macOS High Sierra contains many new features and capabilities, but APFS (Apple File System) is certainly one of the biggest changes. Changing the primary file system used by the Mac is a big deal. And like any big deal, there’s a lot to understand about how APFS will work with existing Mac apps and services, including Time Machine.
In its current incarnation, the Time Machine app is mostly compatible with APFS; that is, you can back up an APFS formatted drive using Time Machine, as well as restore files from a Time Machine backup to an APFS formatted drive. However, there are some very important caveats that Time Machine users should be aware of.
Time Machine drives must be formatted in HFS+ (a file system released with Mac OS 8.1 in 1998 and found on every version of macOS since then). Time Machine uses the magic of hard links, a feature that HFS+ file systems have to catalog and keep track of which files in a backup make up the current version of an app, document, or directory.
APFS, on the other hand, does not support hard links. When you convert an HFS+ formatted volume to APFS, any hard links found during the conversion process are automatically changed to symbolic links, thus breaking your Time Machine backup into a collection of almost useless files.
Luckily, installing macOS High Sierra won’t automatically convert Time Machine drives to APFS, but it’s possible to accidentally change the drive’s format to APFS from within Disk Utility. You’d think Disk Utility would detect the Time Machine backup and stop you, but it doesn’t. You can also convert a drive to APFS without macOS warning if you use the Finder option to encrypt a drive in High Sierra (macOS will convert the format to APFS before encrypting the drive).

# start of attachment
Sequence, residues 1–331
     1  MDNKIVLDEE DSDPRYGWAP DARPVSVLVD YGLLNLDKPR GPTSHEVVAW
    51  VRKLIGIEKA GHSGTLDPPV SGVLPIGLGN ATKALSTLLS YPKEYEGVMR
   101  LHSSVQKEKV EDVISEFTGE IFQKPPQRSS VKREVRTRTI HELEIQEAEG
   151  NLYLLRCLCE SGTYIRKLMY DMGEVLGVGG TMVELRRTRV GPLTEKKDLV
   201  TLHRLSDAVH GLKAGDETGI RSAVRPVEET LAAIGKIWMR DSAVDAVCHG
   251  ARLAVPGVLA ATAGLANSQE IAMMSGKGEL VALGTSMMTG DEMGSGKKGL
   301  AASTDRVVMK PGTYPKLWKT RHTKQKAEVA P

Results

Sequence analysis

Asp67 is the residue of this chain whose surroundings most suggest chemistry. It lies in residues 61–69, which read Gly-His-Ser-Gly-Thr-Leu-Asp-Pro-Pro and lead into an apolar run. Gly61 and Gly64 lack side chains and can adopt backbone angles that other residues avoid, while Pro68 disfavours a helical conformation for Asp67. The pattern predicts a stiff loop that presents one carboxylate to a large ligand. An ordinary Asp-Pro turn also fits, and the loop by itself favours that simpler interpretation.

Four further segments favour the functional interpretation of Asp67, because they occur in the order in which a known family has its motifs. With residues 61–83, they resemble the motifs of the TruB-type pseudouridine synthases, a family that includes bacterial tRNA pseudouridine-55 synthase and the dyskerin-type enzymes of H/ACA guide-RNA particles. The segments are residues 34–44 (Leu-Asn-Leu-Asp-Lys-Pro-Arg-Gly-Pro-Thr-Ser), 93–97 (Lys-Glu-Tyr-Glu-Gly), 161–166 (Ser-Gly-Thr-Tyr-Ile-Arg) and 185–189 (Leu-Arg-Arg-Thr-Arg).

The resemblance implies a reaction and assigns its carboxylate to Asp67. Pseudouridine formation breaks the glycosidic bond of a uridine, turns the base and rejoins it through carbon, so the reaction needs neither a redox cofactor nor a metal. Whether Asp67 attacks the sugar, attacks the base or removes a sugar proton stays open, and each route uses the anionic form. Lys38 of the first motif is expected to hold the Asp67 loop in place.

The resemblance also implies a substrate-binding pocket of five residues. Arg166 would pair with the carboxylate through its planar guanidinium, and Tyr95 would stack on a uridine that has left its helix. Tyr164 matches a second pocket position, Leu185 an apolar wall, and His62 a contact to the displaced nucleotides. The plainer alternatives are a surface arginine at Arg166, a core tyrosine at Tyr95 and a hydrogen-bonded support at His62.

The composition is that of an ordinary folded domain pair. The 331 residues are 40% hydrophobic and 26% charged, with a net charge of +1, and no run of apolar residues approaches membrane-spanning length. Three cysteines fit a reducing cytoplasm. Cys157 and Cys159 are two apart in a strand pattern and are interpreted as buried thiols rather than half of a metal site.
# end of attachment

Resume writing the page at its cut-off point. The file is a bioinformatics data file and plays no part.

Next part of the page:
If you do accidentally convert a Time Machine drive to APFS, the Time Machine app will no longer recognize the drive as a backup drive. If you select the old Time Machine drive within the Time Machine app as a backup destination, you’ll be confronted with an option to erase all of the content on the selected drive and reformat it as HFS+.
Until Apple releases a new version of Time Machine that makes use of the APFS feature set, such as snapshots to replace file linking, your Time Machine backup must remain formatted as HFS+.
Apple makes it very easy to back up your Mac using Time Machine, so there is no excuse not to create a Time Machine backup before installing macOS High Sierra.
Follow these steps to back up your Mac using Time Machine.
• Connect an external hard drive to your Mac. Choose a new hard drive, or one that you don't mind erasing.
• An alert may appear asking if you want to use the drive to backup your Mac. If so, Use as Backup Disk.
• If not, open System Preferences > Time Machine and click Select Backup Disk. Choose the external drive.
• Switch Time Machine to On.
• A progress bar will appear in the Time Machine system preference pane. Wait for the Time Machine backup to complete before continuing with the macOS High Sierra installation.
Follow these instructions to install the macOS High Sierra update on your Mac.
• Once you've backed up your Mac, launch the App Store (located in /Applications) and search for macOS High Sierra.
• Click Download to initiate the download, and fill out your Apple ID information if prompted. Download progress will appear in your Purchases tab.
• Once the download has finished, you'll see a macOS High Sierra installer launch. Follow the on-screen instructions to finish installing the software update, which should take around half an hour depending on the spec of your Mac.